No listing was found for chromium picolinate in the National Occupational Exposure Survey (NOES), which was conducted by the National Institute for Occupational Safety and Health (NIOSH) between 1981 and 1983.
Environmental Occurrence: No information on the environmental occurrence of chromium picolinate was identified in the available literature.
No standards or guidelines have been set by NIOSH or OSHA for occupational exposure to or workplace allowable levels of chromium picolinate. Chromium picolinate was not on the American Conference of Governmental Industrial Hygienists (ACGIH) list of compounds for which recommendations for a threshold limit value (TLV) or biological exposure index (BEI) are made.
Since 1994, dietary supplements have been regulated under the Dietary Supplement Health and Education Act (DSHEA). For dietary supplements on the market prior to October 15, 1994, the DSHEA requires no proof of safety in order for them to remain on the market. The labeling requirements for supplements allow warnings and dosage recommendations as well as substantiated "structure or function" claims. All claims must prominently note that they have not been evaluated by the FDA, and they must bear the statement "This product is not intended to diagnose, treat, cure, or prevent any disease" (Croom & Walker, 1995).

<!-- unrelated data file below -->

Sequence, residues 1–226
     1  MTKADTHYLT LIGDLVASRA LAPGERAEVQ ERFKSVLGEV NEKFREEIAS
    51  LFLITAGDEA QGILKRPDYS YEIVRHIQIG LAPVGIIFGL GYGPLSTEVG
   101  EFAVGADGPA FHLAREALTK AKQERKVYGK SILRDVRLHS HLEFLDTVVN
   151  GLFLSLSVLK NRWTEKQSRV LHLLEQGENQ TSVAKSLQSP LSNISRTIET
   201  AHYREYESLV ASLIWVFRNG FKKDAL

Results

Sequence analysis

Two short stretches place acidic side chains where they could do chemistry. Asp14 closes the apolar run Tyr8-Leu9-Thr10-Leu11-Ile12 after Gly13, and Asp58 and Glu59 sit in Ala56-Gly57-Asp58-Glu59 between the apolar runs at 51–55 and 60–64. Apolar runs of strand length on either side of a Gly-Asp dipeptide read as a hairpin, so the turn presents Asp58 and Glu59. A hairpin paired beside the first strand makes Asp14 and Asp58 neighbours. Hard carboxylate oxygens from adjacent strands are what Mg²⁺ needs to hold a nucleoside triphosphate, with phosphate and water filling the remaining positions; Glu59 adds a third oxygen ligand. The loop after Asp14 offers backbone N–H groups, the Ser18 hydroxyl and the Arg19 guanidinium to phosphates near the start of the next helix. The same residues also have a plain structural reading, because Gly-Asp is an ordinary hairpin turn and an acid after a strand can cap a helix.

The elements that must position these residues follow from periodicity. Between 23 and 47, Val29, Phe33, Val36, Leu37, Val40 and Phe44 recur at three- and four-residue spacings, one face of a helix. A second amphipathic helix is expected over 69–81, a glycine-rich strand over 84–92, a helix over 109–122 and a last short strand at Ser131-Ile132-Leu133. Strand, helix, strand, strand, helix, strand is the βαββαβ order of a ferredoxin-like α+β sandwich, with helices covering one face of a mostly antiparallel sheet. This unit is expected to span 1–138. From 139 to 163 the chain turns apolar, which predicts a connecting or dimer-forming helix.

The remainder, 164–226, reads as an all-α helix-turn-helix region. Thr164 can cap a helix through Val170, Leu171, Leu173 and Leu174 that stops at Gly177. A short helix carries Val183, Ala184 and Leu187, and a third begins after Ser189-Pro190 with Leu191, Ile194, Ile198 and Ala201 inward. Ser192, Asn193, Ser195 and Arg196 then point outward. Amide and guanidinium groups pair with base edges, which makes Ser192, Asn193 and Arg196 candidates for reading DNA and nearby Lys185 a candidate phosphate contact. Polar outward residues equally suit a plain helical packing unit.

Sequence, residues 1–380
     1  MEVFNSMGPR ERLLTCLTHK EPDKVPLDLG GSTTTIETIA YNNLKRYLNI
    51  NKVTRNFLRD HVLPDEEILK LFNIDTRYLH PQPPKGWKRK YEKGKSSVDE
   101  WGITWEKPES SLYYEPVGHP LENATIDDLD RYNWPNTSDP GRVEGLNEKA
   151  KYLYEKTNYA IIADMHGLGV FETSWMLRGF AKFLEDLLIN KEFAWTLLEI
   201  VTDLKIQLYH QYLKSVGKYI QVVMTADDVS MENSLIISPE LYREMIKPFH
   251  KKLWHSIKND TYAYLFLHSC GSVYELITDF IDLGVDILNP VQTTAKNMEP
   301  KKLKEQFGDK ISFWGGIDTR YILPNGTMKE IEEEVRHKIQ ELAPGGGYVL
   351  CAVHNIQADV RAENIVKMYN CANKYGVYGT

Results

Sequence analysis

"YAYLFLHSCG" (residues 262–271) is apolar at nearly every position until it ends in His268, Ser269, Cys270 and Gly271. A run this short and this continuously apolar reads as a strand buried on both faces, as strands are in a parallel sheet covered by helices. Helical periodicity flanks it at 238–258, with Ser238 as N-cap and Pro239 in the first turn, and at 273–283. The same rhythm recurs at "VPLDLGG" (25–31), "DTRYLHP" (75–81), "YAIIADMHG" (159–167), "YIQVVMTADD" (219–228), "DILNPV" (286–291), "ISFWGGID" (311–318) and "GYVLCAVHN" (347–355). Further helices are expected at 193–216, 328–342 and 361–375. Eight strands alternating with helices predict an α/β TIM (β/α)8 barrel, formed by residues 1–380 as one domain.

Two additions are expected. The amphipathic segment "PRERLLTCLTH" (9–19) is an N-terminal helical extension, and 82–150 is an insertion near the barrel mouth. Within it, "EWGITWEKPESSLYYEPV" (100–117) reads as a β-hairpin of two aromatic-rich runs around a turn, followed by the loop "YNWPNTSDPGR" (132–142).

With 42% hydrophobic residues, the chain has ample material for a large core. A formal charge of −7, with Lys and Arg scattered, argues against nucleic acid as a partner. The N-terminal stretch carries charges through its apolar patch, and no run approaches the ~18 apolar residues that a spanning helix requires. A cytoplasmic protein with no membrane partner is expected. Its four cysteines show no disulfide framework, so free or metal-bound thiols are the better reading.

In November 1996, the Federal Trade Commission (FTC) announced settlements with Nutrition 21 and two other companies charged with making unsupported claims about weight loss and health benefits for chromium picolinate. The FTC also maintained that: the companies failed to substantiate their claim that 90 percent of American adults do not consume enough chromium in their diets to support normal insulin function; that the companies falsely claimed chromium picolinate's benefits are proven by scientific studies; and that some of the companies made unsubstantiated claims that the testimonials used in their ads reflected the typical experiences of consumers who used chromium picolinate products. Under the proposed consent agreements to settle the allegations, the respondents would be prohibited from making any of the challenged claims for chromium picolinate in the future unless they had competent and reliable scientific evidence to support them (Federal Trade Commission, 1996).
Human Data: No epidemiological studies or case reports investigating the association of exposure to chromium picolinate and cancer risk in humans were identified in the available literature.